Look for win-win design solutions that improve usability for everyone.
Point: Create new business models using a visual, collaborative tool like Alex Osterwalder’s Business Model Canvas. Story: Business models are complex, which makes them hard to talk about. A business has many interrelated moving pieces. It’s easy for you and your team to miss something when creating one. And with so much complexity and so many possibilities, it’s easy misunderstand each other when we try to invent new business models.
Luckily, there’s a solution. Alex Osterwalder’s Business Model Canvas is a visual tool that helps structure our thinking about business models.
At Osterwalder’s Business Model workshop at BIF8 last week, I saw the power of his Business Model Canvas firsthand. Osterwalder outlined the Canvas method and gave the group the assignment to generate a business model for a specific startup. Small groups clustered around their canvas and the room buzzed with discussion and the squeak of markers as participants took turns sketching out ideas. As we worked, I was struck by three key features of Osterwalder’s approach.
The first key feature was that Osterwalder encouraged sketching, not just making lists of words. “Any problem can be made clearer with a picture,” he said. The visual artifact lets people react to something concrete. To encourage people who think they can’t draw, Osterwalder pointed out that people can interpret a stick figure more easily than an abstract concept. “Drawing something, however badly, makes an abstract concept concrete, giving people an opportunity to react to it,” Osterwalder said. Visual thinking helps with understanding, dialogue, exploration and communication.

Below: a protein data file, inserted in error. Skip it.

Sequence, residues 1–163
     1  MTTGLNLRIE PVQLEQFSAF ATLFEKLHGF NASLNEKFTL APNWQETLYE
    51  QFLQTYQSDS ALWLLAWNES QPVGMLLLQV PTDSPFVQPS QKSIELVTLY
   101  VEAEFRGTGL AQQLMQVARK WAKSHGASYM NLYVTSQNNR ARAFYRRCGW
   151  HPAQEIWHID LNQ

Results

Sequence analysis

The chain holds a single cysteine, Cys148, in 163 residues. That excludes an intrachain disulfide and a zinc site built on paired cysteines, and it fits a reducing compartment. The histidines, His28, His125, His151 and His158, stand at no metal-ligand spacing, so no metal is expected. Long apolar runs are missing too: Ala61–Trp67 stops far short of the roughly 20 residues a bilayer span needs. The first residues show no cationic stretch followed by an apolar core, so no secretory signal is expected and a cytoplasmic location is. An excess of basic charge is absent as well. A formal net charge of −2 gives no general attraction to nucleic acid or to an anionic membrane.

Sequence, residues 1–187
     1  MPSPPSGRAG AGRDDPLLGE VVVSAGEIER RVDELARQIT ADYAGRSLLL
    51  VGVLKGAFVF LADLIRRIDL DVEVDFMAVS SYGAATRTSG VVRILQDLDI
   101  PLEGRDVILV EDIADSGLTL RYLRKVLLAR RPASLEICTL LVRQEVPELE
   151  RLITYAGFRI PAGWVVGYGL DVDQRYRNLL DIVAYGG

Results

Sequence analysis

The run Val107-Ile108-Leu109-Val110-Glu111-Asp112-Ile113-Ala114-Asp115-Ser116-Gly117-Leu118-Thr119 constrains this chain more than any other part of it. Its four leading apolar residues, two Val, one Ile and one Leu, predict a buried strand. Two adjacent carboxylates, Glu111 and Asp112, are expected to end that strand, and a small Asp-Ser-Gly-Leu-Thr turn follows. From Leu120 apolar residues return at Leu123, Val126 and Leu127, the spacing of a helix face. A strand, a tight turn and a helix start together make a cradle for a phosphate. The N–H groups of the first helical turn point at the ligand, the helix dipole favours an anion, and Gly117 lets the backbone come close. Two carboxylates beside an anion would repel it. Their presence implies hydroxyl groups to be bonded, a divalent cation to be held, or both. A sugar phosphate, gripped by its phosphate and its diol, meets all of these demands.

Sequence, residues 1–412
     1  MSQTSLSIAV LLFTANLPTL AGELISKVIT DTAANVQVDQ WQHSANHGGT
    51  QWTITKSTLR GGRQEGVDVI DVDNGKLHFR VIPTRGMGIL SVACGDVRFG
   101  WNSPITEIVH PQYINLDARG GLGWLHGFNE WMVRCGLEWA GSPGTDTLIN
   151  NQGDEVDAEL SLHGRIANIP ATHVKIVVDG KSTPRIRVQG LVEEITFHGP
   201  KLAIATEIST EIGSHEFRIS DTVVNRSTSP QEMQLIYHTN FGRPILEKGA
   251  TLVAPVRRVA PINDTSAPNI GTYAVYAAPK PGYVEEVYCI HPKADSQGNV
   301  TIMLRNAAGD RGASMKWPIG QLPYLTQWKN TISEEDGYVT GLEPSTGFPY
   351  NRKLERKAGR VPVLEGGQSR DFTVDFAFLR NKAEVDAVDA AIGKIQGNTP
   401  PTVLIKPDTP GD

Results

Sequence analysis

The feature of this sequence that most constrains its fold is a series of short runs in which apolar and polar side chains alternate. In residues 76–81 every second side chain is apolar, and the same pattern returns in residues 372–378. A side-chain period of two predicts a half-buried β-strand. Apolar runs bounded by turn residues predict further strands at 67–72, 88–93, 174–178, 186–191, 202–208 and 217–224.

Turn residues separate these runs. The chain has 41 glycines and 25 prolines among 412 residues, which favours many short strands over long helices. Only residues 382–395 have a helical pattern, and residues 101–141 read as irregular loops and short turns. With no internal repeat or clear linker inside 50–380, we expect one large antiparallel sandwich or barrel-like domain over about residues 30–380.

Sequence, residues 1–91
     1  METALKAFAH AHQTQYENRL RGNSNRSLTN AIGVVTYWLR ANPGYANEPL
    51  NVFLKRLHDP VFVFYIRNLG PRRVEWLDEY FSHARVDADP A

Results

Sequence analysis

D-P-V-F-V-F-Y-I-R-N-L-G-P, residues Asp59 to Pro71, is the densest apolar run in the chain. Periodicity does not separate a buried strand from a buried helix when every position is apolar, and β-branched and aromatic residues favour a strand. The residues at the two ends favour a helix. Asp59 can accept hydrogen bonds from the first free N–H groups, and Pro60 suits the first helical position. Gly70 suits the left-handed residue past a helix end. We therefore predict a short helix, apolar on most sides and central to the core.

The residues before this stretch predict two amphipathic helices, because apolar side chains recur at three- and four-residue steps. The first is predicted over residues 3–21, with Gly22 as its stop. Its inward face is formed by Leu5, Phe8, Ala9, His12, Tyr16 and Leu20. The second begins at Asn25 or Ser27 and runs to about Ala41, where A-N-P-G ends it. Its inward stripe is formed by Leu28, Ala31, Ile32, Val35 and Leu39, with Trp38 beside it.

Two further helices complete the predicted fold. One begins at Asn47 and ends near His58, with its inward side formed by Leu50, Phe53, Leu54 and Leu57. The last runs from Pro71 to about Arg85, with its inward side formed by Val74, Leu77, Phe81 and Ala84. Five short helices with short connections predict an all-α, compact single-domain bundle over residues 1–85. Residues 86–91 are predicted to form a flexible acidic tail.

The second key feature was that Alex had us make our sketches and notes on Post-It® notes. We then stuck these to the Canvas. The key part was that then we could move the notes around as we figured out where on the canvas they belonged. “Post-It® notes are like containers of ideas,” Osterwalder said, that can be easily picked up and moved around. Thus, we could reconfigure our ideas as we refined them.